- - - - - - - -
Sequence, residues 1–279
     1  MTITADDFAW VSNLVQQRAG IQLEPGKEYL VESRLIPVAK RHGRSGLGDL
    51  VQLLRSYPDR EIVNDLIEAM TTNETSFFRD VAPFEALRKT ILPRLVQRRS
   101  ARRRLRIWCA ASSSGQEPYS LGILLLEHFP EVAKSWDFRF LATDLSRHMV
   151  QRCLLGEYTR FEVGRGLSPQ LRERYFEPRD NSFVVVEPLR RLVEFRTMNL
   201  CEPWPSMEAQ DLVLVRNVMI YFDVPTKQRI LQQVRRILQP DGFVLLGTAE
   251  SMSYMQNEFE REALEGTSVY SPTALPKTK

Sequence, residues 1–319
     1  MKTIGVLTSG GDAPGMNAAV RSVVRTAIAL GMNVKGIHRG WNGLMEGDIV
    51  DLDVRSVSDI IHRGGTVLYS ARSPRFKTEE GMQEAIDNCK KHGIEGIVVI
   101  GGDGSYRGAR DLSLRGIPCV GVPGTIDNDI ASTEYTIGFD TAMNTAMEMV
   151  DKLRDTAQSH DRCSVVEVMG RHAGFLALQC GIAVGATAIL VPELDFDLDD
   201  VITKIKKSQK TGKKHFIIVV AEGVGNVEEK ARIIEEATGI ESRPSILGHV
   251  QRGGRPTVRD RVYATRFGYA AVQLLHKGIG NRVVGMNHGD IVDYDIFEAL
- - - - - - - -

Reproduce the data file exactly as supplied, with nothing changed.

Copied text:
Sequence, residues 1–279
     1  MTITADDFAW VSNLVQQRAG IQLEPGKEYL VESRLIPVAK RHGRSGLGDL
    51  VQLLRSYPDR EIVNDLIEAM TTNETSFFRD VAPFEALRKT ILPRLVQRRS
   101  ARRRLRIWCA ASSSGQEPYS LGILLLEHFP EVAKSWDFRF LATDLSRHMV
   151  QRCLLGEYTR FEVGRGLSPQ LRERYFEPRD NSFVVVEPLR RLVEFRTMNL
   201  CEPWPSMEAQ DLVLVRNVMI YFDVPTKQRI LQQVRRILQP DGFVLLGTAE
   251  SMSYMQNEFE REALEGTSVY SPTALPKTK

Sequence, residues 1–319
     1  MKTIGVLTSG GDAPGMNAAV RSVVRTAIAL GMNVKGIHRG WNGLMEGDIV
    51  DLDVRSVSDI IHRGGTVLYS ARSPRFKTEE GMQEAIDNCK KHGIEGIVVI
   101  GGDGSYRGAR DLSLRGIPCV GVPGTIDNDI ASTEYTIGFD TAMNTAMEMV
   151  DKLRDTAQSH DRCSVVEVMG RHAGFLALQC GIAVGATAIL VPELDFDLDD
   201  VITKIKKSQK TGKKHFIIVV AEGVGNVEEK ARIIEEATGI ESRPSILGHV
   251  QRGGRPTVRD RVYATRFGYA AVQLLHKGIG NRVVGMNHGD IVDYDIFEAL